O Holy Apostle Philip,
Intercede with the merciful God
That He may grant our souls forgiveness of sins.
Glory to Jesus Christ! Glory for ever! + Slava Isusu Christu! Slava i vo viki!
From the Fathers of the Church…
St. Basil the Great
You need only to look at the vine to be reminded of your own nature, that is, if you observe it intelligently. No doubt you remember the image used by the Lord in which he says that he is the vine and the Father the vinedresser. Each of us who have been grafted onto the Church by faith he calls branches, and he urges us to bear much fruit so as not to be rejected as useless and thrown onto the fire.
Throughout the Scriptures the Lord continually likens human souls to vines. He says for instance: My beloved had a vineyard on a fertile hillside; and again: I planted a vineyard and put a hedge round it. Clearly it is human souls that he calls his vineyard, and the hedge he has put round them is the security of his commandments and the protection of the angels; for the angel of the Lord will encamp around those who fear him. Moreover, by establishing in the Church apostles in the first place, prophets in the second, and teachers in the third, he has surrounded us as though by a firmly planted palisade.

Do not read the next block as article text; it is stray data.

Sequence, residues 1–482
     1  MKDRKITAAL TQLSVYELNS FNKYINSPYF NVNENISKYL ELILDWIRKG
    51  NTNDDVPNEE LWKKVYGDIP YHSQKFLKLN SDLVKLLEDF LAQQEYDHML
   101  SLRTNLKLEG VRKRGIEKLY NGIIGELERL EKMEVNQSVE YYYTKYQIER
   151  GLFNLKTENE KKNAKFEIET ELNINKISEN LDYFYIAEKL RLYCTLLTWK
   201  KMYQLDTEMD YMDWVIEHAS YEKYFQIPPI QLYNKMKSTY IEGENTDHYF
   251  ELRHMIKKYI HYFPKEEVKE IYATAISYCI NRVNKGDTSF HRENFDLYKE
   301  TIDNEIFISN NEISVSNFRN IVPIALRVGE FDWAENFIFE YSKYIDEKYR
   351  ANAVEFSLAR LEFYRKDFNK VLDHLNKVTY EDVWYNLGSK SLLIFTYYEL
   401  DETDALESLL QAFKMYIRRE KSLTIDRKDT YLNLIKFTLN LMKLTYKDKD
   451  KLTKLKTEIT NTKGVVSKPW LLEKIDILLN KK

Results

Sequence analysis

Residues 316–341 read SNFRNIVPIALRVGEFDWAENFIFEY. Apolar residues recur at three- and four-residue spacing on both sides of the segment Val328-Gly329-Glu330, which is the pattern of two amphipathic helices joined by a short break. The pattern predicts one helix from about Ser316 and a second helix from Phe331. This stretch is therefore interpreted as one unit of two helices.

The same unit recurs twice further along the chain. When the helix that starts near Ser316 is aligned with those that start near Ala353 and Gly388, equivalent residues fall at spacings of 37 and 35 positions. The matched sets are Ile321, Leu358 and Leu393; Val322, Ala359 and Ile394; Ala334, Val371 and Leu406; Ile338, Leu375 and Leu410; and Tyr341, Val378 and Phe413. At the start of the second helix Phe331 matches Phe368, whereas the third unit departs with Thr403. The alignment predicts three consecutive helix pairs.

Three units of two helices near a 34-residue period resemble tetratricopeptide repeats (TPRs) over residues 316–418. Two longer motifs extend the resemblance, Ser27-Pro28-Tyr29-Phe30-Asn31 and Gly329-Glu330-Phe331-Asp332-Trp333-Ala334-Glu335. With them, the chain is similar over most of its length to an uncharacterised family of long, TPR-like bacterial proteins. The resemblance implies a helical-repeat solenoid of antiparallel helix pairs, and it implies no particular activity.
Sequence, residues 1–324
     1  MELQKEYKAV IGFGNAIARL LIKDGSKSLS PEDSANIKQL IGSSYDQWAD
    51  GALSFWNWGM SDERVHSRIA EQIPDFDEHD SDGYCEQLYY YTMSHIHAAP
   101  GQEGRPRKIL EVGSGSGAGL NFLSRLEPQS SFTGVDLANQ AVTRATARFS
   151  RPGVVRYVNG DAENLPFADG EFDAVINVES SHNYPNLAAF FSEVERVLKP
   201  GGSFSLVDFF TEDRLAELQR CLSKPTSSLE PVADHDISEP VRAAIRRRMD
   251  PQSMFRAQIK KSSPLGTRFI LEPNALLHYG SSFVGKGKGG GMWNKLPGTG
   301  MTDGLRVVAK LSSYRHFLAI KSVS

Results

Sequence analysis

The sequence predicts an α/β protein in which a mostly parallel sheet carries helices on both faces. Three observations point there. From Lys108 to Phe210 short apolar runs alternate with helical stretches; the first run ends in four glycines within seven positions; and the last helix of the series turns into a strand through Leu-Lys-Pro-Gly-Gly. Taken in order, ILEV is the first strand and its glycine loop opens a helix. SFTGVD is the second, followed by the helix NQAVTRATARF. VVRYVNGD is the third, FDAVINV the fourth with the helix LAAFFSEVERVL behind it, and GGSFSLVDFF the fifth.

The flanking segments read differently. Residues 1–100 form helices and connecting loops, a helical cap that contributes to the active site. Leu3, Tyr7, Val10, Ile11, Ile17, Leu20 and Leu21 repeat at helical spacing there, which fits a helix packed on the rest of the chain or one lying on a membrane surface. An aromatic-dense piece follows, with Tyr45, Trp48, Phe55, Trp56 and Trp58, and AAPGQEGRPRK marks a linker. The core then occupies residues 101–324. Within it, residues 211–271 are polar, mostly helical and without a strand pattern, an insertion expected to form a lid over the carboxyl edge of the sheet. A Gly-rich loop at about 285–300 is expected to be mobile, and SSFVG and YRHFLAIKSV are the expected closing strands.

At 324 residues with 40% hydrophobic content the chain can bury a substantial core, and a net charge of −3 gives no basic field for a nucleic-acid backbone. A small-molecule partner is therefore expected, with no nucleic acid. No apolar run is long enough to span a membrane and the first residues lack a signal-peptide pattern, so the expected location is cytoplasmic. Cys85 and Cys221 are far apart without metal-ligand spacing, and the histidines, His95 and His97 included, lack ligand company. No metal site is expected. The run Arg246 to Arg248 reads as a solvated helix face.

In addition, the Lord has raised our thoughts to heaven by the examples of saints of past ages. He has kept them from sinking to the earth where they would deserve to be trampled on, and he wills that the bonds of love, like the tendrils of a vine, should attach us to our neighbors and make us rest on them, so that always climbing upward like vines growing on trees, we may reach the loftiest heights.
He also requires that we allow ourselves to be weeded. To be spiritually weeded means to have renounced the worldly ambitions that burdened our hearts. Anyone who has renounced the love of material things and attachment to possessions, or who has come to regard as despicable and deserving of contempt the poor, wretched glory of this world, is like a weeded vine. Freed from the profitless burden of earthly aspirations, that person can breathe again.
Finally, following out the implications of the comparison, we must not run to wood, or, in other words, show off or seek the praise of outsiders. Instead, we must bear fruit by reserving the display of our good works for the true vinedresser.
- Tithes and Donations. Last Sunday, we received in tithes $, donations $, gift shop $. Thank you for your generosity, may God bless you always.
- Prayer requests. Fr. Michael, Fr. Marcus, Fr. Chris, Fr. Randall, Fr. Michal, Fr. Patrik, Sr. Patricia, Margaret, Gary and Ingrid, Margaret, Slawomir and Oceana, Darlene, Becky, Alexis, Marion, Curtis, Ronald, Jeannine, Taylor, Lorrie, Frances, Alex, Leroy, Michael, Thomas, Carol, Michael, Jennifer, John, Elizabeth, Judy, Ruth, Dimitri, Christie, Viktoria, Emily, Margaret, Patricia. Nadezda, Dan, Doug.
- Hospitality after Sunday Liturgy. Thank you to Murin family for providing hospitality for us last Sunday. Hospitality signup: Aug 22 – Amelia Baker; Aug 29– Osanna family.